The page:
That’s how Ray West, singer for Weapons of Anew, describes his connection with the band’s guitarist, Freddy Ordine.
“Sometimes, you meet a person and it instantly comes together,” says West, according to the band’s website. And indeed, it came together quickly for Weapons of Anew as they found themselves touring with Alter Bridge despite not even having a studio album to their name.
Sure, it didn’t hurt that certain band members — including both West and Ordine — had previous band experience.
“We were in the middle of recording our first record and had to stop and get into tour mode,” recalls Ordine of Weapons of Anew joining Alter Bridge. “We had never played a live show as a band at that point. A few of us had been in other bands and toured so we knew what to expect. But we also knew we needed to bust our asses and make sure we brought our A-plus game to the stage every night. It was awesome to get the reception we had gotten.”
“As a supporting act, you can see the looks on people’s faces going from ‘Who the fuck are these guys’ to ‘Goddamn, these guys are swingin’ for the fences, and I like it!'” says West.
ED spoke with Weapons of Anew about their onstage dynamics, the band’s composition and their single “Sundown.”
ED: ”Performing live” was the first time you felt validation — can you describe that scene? Was it validation on stage or after the show when you had a moment to yourself?
WEST: When you see people starting to get their groove on, from the live vibe, and songs you helped to create, it’s a very humbling, and, dare I say, validating thing. It proves to me I’m right where I’m supposed to be. To be honest, I don’t look for validation while I’m performing, but I do tend to get this crazy sort of a psychotic smile that shows up on my face when I know things are going well.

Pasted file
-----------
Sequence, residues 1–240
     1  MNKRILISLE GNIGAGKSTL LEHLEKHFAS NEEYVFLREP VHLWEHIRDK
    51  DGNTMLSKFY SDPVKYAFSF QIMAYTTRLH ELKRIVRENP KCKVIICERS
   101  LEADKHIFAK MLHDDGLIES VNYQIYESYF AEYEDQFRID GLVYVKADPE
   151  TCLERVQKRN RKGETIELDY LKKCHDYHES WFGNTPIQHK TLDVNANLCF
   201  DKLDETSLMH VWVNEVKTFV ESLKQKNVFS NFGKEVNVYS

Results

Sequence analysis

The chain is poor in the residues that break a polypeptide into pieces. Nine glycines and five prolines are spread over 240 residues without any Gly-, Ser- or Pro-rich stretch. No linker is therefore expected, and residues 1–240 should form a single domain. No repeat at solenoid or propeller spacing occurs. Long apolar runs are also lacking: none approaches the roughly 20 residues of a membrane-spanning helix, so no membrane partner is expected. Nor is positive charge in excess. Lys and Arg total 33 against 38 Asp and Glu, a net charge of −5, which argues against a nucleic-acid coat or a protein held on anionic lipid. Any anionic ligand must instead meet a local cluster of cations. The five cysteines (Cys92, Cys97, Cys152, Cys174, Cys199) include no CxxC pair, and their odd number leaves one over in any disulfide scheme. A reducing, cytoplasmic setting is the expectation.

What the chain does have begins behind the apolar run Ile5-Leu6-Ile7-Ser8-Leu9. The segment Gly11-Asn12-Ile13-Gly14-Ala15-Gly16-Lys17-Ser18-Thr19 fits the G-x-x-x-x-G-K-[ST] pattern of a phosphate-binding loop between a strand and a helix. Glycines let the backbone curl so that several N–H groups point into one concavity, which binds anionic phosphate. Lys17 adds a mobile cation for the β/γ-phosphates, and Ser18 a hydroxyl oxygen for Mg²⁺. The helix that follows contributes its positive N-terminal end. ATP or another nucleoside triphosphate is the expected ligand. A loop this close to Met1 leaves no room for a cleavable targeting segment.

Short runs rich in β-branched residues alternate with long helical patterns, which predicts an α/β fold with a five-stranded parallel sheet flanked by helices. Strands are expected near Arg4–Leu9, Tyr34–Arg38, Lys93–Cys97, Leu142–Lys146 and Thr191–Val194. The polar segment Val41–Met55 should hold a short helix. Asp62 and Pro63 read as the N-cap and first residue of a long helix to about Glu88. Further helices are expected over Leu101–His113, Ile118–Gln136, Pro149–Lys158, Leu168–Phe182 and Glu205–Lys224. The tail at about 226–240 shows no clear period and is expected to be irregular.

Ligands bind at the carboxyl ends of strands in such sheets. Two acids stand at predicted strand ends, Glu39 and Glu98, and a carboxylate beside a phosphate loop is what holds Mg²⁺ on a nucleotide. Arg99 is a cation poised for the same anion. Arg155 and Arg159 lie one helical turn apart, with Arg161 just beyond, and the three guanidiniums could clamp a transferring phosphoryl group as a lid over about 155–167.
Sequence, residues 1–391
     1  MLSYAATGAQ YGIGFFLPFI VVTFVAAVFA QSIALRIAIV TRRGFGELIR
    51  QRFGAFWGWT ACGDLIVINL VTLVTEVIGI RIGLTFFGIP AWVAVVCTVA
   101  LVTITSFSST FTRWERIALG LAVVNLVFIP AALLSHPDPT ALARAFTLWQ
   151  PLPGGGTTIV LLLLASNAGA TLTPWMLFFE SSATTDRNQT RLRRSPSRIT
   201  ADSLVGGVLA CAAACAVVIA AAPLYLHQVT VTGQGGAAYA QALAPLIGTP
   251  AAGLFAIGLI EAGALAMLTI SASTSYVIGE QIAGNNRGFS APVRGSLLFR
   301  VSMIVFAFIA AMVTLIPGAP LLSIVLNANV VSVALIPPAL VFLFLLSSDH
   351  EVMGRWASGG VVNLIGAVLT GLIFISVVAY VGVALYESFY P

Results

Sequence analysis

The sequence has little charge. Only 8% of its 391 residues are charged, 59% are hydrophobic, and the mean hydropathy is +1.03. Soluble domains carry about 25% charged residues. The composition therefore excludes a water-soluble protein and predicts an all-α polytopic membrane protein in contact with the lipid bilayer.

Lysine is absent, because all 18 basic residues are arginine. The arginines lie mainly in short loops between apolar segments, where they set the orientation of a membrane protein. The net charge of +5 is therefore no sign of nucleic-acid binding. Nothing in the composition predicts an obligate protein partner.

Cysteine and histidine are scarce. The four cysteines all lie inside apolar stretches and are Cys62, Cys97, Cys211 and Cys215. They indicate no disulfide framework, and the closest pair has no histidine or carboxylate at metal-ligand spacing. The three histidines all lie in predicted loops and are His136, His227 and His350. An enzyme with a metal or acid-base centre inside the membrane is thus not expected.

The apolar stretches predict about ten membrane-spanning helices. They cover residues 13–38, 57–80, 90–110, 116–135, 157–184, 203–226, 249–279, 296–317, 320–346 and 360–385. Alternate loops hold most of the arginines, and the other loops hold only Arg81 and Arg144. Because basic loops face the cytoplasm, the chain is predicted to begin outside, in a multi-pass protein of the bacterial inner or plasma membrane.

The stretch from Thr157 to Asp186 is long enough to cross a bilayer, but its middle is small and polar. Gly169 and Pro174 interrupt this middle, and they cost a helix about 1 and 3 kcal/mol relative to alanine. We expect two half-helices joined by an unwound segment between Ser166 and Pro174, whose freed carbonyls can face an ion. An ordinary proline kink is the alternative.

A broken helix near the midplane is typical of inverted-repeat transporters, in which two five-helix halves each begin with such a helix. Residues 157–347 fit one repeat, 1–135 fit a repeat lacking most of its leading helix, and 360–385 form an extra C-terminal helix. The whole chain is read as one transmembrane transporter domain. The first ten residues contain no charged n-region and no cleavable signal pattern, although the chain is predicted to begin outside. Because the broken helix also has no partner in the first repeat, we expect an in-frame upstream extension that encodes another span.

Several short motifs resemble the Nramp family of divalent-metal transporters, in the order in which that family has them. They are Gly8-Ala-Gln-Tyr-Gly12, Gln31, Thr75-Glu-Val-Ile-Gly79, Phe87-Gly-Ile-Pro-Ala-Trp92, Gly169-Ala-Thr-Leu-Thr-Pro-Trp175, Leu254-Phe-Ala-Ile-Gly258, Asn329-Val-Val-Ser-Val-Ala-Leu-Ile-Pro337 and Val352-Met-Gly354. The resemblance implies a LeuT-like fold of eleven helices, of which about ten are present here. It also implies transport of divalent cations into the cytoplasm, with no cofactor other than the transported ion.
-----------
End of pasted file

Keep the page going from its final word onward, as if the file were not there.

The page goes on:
And I’m going to add, that after a show is when I definitely take a moment or two, or three, to reflect and let it all soak in. I always get a kick out of being the singing and dancing monkey!
ED: How did you end up playing on Alter Bridge’s “The Last Hero” tour? Reviews of your live set were incredible so how reaffirming is it to have that positive feedback right off the bat?
ORDINE: Honestly it was just the right place at the right time. An ex-manager had a relationship with someone from the Alter Bridge camp and made it happen. I had gotten the call Christmas Day asking if he can make an Alter Bridge tour happen. Once the reviews started to come back, we were all blown away by them! We really didn’t know how people were going to react to us. So it was killer to have it play out the way it did for us.
ED: How much easier is everything (finding a label, booking a show, recording an album, etc.) when there are band members who come from previous bands that have navigated all these waters before?
ORDINE: Nothing is easy in this business! We definitely had a bunch of people we knew and had great relationships with, so it made the process a bit easier from the getting-started standpoint where people would actually take our calls. But honestly, we don’t expect anyone to do anything for us because of our pasts. We are a new band and have to earn our spot. We all say it, we have a long road of hard work ahead of us. But that’s part of the process and we embrace it.
ED: Do you find it’s a conscious effort to change up what you’re doing for Weapons of Anew from what you did with previous acts? Or is it more of stick with what got you there?
ORDINE: It was definitely a conscious effort to not sound like any of our old bands. There are elements from all our pasts, but that’s what makes this thing a cool thing for us. It’s something new.
When you see people starting to get their groove on, from the live vibe, and songs you helped to create, it’s a very humbling, and, dare I say, validating thing. — Ray West
ED: For those who haven’t experienced Weapons of Anew in person, what kind of experience is one of your performances?
ORDINE: Fun. Pure. Energy!
ED: StripJointsMusic.com services gentlemen’s clubs nationwide and gets music out to their DJs, so why would “Sundown” be a great song to get played at gentlemen’s clubs across the U.S.?
ORDINE: When I wrote it and first heard it finished, I said to the guys, ‘That song is a strip club anthem!’ It’s a fun song — to me, it just had that driving, dare I say sleazy kinda vibe to it. It’s our nod to the lifestyle!